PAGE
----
I have often found some of my adult students struggling with understanding, let alone constructing, sentences like ‘If they went by train, they might get to the airport earlier’. It took me a while to realize it was the ‘went’ (or any other ‘past tense’ form) that was causing the problem. They had ingrained the meaning past time with the second form of the verb so strongly that other usages (or meanings) were blocked; they were interpreting the ‘past tense’ form as exactly what it was called – past.

Let’s look at some examples of 1. conditional constructions and compare them with examples of 2. conditionals to exemplify the semantic differences (I will discuss conditionals or IF-clauses in more detail in a separate post):

If I finish work earlier, I will go shopping for you.

If we have enough time, we can visit the museum.

If you eat more vegetables, you will feel better.

In each case, the fact stated in the first part of the sentence is the necessary prerequisite for the activity of the second to be possible or to happen; and it is possible – I just don’t know yet – that I might be able to finish work earlier to do your shopping. And it could be that we indeed have enough time for the museum, we just don’t know yet or for sure. Same with the last example: I’m giving you an advice and believe you might follow it, and if you do, I predict you will feel better.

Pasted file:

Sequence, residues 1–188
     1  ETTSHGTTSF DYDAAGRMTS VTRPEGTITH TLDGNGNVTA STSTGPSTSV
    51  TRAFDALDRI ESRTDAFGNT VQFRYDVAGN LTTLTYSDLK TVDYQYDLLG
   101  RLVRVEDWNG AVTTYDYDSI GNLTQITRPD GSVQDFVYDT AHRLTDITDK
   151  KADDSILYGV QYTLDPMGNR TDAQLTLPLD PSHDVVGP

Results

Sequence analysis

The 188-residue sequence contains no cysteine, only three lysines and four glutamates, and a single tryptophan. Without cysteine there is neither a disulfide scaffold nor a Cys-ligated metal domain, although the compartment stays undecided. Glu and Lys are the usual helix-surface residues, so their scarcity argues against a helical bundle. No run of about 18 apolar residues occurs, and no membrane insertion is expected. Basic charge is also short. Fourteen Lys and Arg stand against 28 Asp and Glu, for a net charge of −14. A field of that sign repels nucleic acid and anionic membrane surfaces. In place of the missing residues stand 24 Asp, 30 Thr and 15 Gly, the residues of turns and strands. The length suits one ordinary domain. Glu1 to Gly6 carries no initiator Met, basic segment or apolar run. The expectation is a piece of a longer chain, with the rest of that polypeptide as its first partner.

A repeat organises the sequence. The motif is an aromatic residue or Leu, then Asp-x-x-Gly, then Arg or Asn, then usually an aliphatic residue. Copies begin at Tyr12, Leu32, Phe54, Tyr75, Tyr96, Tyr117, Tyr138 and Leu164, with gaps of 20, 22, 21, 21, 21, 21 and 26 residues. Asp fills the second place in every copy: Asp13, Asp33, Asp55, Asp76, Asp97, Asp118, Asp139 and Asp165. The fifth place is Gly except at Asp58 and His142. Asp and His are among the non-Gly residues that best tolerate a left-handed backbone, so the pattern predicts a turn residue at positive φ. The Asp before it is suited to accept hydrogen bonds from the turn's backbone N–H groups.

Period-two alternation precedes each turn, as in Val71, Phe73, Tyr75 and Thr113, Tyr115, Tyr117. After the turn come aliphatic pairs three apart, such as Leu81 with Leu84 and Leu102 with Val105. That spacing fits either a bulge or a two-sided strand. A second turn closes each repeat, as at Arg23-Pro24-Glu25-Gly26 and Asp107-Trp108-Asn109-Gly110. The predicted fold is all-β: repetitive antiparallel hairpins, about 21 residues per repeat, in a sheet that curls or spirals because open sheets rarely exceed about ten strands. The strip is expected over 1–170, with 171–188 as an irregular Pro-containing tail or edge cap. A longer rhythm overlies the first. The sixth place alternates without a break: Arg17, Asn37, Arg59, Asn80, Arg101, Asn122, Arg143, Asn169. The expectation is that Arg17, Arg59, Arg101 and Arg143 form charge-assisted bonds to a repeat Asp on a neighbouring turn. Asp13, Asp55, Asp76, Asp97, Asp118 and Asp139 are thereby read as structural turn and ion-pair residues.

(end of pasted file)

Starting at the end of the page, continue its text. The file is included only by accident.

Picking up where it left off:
All the ‘facts’ in all these examples are closer to becoming reality than in the following examples:

If we had enough time, we could visit the museum.

If they trained more efficiently, they would be more successful.

If you ate more vegetables, you would feel better.

In each case, the stated fact in the  IF-clause is a fact necessary for the claim of the second clause to become true – in other words: a condition or requirement, but – other than the conditions stated in the first examples of the 1. conditional form – the facts here are further removed from becoming likely reality: